The mere fact that the defendant, who was the owner of the house at which the plaintiff opened the ditch and laid pipe under an agreement with a contractor, called the plaintiff's attention to the fact that the line was torn up and the pipes not connected and requested that he inspect it, did not, since the work was done for the contractor King, amount to an adoption of the King contract or assumption of liability for the value of the work done by the defendant for the account of King. That an owner call's a subcontractor's attention to a defect in work done on the former's premises certainly does not render the owner liable for the work. Moreover, the evidence does not disclose which sewer line was torn up and the pipes not connected, that is, whether it was on the pipe line laid for King or on the line of pipe the defendant employed the plaintiff to install.
But the plaintiff strongly relies upon the promise of the defendant to pay for all of the services rendered by him including the work done under his contract with King. He asserts that the promise amounted to an original undertaking on the part of the defendant and hence was valid though not in writing. An original undertaking recognized by our law as legal and enforceable whether in writing or parol is an engagement on the part of the promisor to answer for credit extended to another. The promise like all other contractual undertakings must be based upon a consideration. The consideration may be an advantage to the promisor, a detriment to the promisee or a benefit flowing to a third person. Ferst's Sons & Co. v. Bank of Waycross, 111 Ga. 229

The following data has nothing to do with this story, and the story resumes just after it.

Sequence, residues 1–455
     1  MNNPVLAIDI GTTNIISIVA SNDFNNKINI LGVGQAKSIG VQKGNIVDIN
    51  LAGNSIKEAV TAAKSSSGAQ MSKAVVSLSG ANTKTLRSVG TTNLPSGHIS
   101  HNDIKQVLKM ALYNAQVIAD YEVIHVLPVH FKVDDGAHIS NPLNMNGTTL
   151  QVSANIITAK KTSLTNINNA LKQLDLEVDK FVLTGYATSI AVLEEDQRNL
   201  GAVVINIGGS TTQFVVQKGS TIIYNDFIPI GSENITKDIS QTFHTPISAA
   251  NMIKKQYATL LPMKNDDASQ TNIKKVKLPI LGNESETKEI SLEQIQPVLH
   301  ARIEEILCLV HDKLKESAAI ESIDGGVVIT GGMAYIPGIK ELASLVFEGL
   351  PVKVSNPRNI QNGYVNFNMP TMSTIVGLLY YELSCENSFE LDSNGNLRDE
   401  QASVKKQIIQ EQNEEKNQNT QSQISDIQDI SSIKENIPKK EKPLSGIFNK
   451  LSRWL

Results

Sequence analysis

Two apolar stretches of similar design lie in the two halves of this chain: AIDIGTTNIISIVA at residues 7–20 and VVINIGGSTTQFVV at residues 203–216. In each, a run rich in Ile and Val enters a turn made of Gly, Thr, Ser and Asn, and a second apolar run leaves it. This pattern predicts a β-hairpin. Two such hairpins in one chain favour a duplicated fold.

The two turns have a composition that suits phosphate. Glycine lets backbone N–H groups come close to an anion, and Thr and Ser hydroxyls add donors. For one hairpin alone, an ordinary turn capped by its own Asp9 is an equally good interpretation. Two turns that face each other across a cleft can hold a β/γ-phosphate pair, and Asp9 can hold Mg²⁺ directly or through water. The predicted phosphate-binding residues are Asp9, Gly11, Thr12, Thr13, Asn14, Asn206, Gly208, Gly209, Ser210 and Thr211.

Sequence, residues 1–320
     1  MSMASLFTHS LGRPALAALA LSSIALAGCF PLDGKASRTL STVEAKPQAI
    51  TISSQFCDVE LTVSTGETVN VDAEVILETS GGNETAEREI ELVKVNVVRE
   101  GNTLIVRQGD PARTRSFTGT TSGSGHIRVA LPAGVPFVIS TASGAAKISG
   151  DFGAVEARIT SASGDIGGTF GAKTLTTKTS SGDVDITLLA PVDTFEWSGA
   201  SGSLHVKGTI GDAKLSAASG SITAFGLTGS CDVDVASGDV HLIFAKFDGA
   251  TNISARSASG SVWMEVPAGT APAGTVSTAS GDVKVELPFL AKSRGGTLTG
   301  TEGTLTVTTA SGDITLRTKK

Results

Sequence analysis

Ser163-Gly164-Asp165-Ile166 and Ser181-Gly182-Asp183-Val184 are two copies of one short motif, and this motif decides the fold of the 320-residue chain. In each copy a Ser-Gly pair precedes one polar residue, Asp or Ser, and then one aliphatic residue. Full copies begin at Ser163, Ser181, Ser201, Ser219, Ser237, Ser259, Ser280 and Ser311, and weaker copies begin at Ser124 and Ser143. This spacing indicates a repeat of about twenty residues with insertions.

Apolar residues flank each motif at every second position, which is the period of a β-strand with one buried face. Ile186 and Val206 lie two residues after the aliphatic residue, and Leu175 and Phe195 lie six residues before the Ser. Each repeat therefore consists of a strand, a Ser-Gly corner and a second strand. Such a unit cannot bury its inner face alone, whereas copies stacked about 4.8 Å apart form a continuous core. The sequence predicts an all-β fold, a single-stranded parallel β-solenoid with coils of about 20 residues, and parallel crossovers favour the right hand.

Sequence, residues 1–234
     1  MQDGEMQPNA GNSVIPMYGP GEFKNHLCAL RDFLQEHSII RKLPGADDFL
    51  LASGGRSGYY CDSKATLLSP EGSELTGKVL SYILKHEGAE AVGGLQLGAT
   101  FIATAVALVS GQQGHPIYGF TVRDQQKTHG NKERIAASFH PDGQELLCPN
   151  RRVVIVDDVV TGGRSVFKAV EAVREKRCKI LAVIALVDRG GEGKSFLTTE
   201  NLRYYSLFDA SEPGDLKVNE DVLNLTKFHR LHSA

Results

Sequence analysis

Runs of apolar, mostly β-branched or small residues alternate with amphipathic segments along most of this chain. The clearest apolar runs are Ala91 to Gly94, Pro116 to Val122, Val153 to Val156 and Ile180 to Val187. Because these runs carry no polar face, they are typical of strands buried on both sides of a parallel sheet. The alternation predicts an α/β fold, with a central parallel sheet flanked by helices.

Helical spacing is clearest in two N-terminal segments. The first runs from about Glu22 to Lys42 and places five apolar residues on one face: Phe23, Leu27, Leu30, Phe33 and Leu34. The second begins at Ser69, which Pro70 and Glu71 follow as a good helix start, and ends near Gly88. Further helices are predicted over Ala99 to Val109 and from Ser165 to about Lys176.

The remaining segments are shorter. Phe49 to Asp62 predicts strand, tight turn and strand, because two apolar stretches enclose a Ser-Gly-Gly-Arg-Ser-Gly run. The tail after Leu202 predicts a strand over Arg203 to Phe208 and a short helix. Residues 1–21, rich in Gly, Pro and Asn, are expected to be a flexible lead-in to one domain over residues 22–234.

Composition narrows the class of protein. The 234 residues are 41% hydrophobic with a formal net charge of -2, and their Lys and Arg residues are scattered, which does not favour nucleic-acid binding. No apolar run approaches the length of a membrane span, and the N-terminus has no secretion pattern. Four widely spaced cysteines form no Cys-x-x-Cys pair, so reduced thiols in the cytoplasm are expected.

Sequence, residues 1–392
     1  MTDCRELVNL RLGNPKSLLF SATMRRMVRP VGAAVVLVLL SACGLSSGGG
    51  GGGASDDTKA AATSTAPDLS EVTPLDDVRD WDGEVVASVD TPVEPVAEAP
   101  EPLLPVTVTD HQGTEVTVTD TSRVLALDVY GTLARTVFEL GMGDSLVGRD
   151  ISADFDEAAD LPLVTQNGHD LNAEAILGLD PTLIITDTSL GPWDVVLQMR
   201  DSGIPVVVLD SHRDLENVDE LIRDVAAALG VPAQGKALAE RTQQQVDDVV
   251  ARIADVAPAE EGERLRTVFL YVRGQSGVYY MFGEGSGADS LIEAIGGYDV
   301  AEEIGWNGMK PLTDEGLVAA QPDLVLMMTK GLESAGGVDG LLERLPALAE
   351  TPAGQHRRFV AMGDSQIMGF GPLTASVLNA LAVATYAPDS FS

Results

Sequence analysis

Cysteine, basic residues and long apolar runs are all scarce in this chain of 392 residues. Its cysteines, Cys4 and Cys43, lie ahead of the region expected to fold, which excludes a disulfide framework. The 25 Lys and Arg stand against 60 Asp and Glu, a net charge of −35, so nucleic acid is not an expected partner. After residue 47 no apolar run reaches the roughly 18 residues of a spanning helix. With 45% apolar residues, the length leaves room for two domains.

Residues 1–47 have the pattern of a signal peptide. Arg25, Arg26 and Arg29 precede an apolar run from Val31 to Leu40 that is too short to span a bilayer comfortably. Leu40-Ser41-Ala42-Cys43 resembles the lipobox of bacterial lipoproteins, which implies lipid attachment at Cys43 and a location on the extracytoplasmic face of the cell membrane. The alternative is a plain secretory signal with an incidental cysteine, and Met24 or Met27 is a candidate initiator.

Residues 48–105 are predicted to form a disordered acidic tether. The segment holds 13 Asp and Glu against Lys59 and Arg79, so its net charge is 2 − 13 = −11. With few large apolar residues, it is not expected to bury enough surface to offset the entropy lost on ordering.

(36 S. E. 773). A promise to answer for a debt for the payment of which another is bound, and the promisor is not otherwise liable, must be upon a new consideration, that is, a consideration other than and in addition to that upon which the obligation of the original debtor is based. Many are the supporting authorities for this pronouncement including the holding in Smith v. Missouri State Life Ins. Co., 45 Ga. App. 383